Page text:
At first sight the worlds of science and entertainment seem distant from each other, despite a recent spate of blog posts on NN about music, and a very thoughtful piece from Michael Nestor about the influence of Hollywood on science. The creative industries – music, film, games and various hybrids – seek to enthrall, thrill, scare, charm or move us, though sometimes it may seem they only succeed in keeping us occupied. Science may do all of those things on occasion but its principal aim is to further our understanding of the world and of ourselves, or something worthy like that.
On one level though science and entertainment are linked. Both endeavours express themselves through documents. Films, novels, printed music, sound recordings, journal articles, patents, monographs – all these can be classed simply as documents. They have a title and (usually) named creators, so they can be catalogued, and they contain intellectual property. It may seem trivial to link science and entertainment at this fundamental level but my justification is that they are linked thus in law. Yes, dear reader, I have tricked you into reading a post on copyright.
In copyright law a document containing intellectual property is just that – the subject matter in the document does not affect its copyright protection. There are special provisions for certain kinds of document (e.g. images, musical performances) but fundamentally copyright treats all documents equally (OK so this is a gross oversimplification. Disclaimer – I am not a lawyer so do not rely on this advice!).
Now, the entertainment industry has a lot to gain from strong copyright protection, and they are not shy in pushing for stringer protection. Back in 2003 the Royal Society issued an excellent report Keeping science open . This said:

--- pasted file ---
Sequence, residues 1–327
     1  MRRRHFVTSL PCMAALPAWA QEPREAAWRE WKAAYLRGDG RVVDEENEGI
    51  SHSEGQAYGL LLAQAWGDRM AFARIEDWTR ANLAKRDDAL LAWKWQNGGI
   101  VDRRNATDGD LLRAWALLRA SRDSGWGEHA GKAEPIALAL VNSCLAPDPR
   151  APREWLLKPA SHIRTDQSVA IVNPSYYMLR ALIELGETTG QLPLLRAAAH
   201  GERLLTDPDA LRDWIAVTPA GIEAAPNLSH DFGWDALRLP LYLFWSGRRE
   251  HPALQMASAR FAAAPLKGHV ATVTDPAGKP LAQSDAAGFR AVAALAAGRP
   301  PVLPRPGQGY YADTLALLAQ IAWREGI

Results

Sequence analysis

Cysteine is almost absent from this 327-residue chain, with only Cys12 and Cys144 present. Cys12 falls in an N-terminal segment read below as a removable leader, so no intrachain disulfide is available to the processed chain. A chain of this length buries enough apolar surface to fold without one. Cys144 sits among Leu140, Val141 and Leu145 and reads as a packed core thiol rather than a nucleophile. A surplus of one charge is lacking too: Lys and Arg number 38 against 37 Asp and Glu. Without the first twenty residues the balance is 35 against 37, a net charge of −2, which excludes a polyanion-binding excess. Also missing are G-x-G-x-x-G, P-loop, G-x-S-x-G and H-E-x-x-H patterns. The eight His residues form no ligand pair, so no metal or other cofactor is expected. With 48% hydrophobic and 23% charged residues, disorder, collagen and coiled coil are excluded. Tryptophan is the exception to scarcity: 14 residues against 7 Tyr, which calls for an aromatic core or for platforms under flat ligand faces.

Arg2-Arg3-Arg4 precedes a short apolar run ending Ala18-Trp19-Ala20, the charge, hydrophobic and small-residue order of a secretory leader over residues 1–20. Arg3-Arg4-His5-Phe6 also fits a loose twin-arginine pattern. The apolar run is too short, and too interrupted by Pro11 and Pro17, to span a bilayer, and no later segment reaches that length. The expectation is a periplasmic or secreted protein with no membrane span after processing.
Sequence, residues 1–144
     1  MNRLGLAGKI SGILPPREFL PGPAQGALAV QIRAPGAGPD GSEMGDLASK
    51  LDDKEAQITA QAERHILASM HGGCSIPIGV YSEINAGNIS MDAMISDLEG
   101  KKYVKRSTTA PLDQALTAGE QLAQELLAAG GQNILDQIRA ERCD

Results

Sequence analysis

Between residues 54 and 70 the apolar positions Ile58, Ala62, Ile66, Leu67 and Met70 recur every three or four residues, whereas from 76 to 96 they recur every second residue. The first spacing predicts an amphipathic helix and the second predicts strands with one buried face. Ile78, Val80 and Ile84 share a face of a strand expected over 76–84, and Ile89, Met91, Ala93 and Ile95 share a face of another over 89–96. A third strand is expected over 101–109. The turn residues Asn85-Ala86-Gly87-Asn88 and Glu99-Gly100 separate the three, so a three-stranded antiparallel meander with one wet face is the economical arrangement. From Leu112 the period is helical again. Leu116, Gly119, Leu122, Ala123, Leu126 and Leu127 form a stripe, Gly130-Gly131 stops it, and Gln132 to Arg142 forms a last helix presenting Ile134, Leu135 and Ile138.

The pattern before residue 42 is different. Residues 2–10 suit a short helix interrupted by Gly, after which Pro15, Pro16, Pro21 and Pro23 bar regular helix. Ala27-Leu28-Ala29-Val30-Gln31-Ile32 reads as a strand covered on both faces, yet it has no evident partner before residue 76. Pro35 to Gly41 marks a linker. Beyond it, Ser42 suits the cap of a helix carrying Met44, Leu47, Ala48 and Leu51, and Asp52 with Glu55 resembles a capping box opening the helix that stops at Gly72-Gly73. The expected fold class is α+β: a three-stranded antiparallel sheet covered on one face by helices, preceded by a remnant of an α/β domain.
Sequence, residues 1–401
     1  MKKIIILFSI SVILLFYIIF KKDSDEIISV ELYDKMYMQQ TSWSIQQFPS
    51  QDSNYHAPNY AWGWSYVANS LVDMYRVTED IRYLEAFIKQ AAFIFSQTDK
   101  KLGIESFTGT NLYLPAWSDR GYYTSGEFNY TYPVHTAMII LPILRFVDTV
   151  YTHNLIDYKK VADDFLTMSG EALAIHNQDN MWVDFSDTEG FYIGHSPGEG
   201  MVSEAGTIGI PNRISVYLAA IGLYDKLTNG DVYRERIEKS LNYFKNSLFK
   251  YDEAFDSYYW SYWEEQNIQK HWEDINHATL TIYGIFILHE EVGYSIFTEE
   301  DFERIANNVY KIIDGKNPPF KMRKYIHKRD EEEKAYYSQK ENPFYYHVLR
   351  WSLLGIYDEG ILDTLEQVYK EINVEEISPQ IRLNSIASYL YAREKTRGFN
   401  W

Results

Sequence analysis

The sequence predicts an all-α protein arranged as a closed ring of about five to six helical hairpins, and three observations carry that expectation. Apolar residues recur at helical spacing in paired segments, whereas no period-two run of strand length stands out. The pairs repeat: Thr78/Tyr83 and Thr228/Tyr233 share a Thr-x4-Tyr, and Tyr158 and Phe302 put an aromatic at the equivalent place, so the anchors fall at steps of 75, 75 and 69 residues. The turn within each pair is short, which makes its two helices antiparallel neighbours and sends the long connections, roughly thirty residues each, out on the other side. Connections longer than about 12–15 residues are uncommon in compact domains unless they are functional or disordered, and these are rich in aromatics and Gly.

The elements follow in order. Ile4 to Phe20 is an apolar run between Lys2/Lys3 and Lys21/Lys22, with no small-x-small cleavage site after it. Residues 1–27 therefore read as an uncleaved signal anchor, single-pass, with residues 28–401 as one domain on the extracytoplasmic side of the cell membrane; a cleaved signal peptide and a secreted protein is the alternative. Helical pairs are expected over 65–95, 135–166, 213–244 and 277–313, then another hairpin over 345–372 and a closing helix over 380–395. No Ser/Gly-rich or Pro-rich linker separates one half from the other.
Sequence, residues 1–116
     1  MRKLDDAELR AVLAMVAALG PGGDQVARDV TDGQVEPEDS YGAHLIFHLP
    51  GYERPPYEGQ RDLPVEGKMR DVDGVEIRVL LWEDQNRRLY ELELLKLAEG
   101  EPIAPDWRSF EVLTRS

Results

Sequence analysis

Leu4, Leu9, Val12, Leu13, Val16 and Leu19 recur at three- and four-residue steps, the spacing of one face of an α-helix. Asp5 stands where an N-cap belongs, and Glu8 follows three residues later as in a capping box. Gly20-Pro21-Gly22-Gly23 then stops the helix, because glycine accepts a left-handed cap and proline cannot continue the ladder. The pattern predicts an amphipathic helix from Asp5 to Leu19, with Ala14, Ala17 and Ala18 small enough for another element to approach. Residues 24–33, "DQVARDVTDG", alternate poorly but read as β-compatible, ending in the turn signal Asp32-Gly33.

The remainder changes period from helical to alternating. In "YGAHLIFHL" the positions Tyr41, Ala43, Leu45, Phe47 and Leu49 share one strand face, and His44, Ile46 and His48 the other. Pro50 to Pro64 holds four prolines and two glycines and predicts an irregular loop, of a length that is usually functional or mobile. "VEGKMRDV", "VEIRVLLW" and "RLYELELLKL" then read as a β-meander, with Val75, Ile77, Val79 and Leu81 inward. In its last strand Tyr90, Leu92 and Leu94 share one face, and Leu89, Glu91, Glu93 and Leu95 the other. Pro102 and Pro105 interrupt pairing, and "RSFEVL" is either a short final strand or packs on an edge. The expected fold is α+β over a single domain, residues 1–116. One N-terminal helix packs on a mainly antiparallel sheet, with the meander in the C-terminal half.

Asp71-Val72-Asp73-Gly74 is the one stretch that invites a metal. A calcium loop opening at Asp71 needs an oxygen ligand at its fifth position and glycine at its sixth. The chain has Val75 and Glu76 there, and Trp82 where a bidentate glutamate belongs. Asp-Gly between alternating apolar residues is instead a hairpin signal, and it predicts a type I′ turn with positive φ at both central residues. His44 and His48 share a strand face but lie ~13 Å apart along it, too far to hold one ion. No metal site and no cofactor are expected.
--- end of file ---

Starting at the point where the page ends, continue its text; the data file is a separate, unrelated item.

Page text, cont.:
The entertainment and software industries, with most to lose, have been particularly effective in lobbying nationally and internationally for greater rights to control their content. But scientific libraries have been caught up in their wake.
The duration of copyright protection is unnecessarily long for scientific information and will interfere with appropriate archiving activities, and we recommend that the learned societies explore options for its reduction.
In 2006 the government-sponsored Gowers Report made a number of sensible suggestions, but many of these have not yet been implemented. In an attempt to hurry things along, last year the British Library (BL) issued a statement Maintaining a balance in the digital age , arguing that
the shift from print to digital publishing is undermining the traditional balance at the heart of copyright in ways that could make it harder for researchers to access and use information.
This BL campaign was supported by RCUK, Wellcome Trust, and many professional library and information bodies.
So, when I saw this press release earlier this week I had some hope that it would address some of the issues of digital information, licensing and copyright raised by the BL and others. The press release was entitled The availability, affordability and protection of content in digital Britain, but on reading more closely I quickly realised it was aimed at entertainment content and made no effort to address the needs of science or research more broadly. It proposes the establishment of a Digital Rights Agency to help sort out “the complexities that keep consumers on the right side of the law, and ensure artists get properly paid”.
Minister Stephen Carter said: “We need to make it easier for consumers to do the right thing. The internet has become an integral part of daily life. You shouldn’t need to be an underwriter to take out an insurance policy, and you shouldn’t need legal training to surf the web…In the new digital age, copyright infringement has become easier and more socially acceptable, so it’s clear we need some form of legislative backstop for the protection of rights as well as new and innovative ways to access legal content.”
This all makes sense, particularly in the context of downloadable music, films, TV and mass-market e-books. I worry though that it may also end up affecting science without ever having taken into consideration the needs of science, and the very different nature of scientific literature and its users.